Prominent speakers at the webinar included Dr. Hamira Welye of the United Nations Fund for Population Activities (UNFPA), Kiki Mordi author of the BBC award-winning documentary on sexual violence in tertiary institutions (Sex for Grade), Farida Adamu of ResearchNG, Asmau Leo of Centre for Nonviolence and Gender Advocacy in Nigeria, and Joy Aderele of Mercy Corps. 

In Borno State, the Peace Ambassadors Centre for Humanitarian Aid and Empowerment (PACHAE) organised a webinar on protection of survivors and access to justice on 8 December 2020. The webinar provided an opportunity to highlight the different challenges encountered in efforts to protect and support survivors to get justice.  Prominent among issues to be addressed are late reporting of cases, lack of resources for effective investigation, dearth of safe spaces for survivors, and loopholes in laws and legal processes.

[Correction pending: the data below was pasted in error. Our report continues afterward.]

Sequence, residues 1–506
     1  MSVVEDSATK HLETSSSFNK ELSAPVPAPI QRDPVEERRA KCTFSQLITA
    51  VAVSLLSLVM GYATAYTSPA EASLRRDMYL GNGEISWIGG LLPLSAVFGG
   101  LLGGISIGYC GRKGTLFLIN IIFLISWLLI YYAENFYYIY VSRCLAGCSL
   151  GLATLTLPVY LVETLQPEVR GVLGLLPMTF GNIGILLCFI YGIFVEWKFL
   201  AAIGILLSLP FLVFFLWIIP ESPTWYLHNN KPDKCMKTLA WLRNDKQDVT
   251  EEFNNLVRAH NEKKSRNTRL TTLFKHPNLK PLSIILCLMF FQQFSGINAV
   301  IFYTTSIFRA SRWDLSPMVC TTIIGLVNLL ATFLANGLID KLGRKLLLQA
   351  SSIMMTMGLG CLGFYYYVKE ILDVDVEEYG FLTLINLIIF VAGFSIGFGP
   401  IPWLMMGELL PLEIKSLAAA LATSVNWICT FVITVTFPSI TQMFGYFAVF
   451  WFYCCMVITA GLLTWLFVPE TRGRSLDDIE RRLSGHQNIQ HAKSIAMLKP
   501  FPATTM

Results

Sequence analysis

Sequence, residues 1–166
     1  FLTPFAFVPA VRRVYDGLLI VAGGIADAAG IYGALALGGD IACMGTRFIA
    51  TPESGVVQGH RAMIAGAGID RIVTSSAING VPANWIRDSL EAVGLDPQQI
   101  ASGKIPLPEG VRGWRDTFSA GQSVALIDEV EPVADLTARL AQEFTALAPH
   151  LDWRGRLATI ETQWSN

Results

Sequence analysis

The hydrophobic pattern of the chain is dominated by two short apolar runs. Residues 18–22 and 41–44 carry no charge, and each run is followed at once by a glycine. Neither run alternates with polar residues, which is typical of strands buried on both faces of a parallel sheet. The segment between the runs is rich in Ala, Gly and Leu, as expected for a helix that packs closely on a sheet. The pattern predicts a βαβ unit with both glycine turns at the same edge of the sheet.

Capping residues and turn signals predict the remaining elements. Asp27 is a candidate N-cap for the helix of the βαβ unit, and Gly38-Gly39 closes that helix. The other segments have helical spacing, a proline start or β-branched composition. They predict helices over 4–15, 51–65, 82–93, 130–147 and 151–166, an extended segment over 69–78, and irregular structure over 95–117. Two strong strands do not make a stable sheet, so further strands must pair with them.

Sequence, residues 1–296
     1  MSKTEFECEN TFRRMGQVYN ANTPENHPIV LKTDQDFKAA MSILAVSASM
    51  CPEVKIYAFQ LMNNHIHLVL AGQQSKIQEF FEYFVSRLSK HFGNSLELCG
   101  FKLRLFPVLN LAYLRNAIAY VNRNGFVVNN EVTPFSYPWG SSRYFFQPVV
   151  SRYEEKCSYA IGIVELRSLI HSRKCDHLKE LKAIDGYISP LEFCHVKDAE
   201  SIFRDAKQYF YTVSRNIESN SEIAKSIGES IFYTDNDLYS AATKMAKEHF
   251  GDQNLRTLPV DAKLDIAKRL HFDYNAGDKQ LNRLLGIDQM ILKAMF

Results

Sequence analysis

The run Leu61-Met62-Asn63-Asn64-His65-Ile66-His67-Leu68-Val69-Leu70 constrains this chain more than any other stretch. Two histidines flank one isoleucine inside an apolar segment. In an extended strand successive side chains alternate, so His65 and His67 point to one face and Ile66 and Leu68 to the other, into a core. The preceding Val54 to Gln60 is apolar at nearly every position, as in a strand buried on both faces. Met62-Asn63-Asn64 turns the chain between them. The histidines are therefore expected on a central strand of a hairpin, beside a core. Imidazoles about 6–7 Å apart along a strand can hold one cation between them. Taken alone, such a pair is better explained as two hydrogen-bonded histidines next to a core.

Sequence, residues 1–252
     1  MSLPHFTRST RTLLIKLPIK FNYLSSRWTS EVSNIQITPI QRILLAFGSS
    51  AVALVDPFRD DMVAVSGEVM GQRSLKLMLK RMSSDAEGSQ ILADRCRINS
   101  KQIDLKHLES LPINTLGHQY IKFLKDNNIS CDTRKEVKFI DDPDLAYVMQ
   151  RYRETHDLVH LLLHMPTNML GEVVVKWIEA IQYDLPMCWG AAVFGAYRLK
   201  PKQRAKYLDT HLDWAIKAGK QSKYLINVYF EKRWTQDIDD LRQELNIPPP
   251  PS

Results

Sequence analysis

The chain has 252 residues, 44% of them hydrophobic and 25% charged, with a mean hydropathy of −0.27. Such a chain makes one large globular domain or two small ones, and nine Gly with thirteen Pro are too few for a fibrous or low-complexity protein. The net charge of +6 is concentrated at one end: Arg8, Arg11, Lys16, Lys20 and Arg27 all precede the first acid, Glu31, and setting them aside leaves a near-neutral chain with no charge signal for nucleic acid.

Speakers at the webinar were Honourable Commissioner for Women Affairs, Dr. Zainab Chellube of the Peace Ambassadors Centre, Mary Stephen, Gender Desk Officer of Nigeria Police Force (NPF) and Barr. Abba Mallam Umate, Chairman of the Nigeria Bar Association (NBA).


Community accountability forums contribute to strengthening law enforcement 

Initiatives of the Community Accountability Forums (CAFs) supported by the Managing Conflict in Nigeria (MCN) Programme are strengthening the bond between communities and law enforcement agencies. There is growing interest in the CAFs among security officers who consider them to be important and effective platform for mobilising the public to participate in law enforcement.

In Yobe State, the platforms facilitated by the Communal Support Foundation (COSFON) in Bade, Geidam, Nguru and Potiskum intervened to address concerns of community members and law enforcement agencies on crime prevention and management.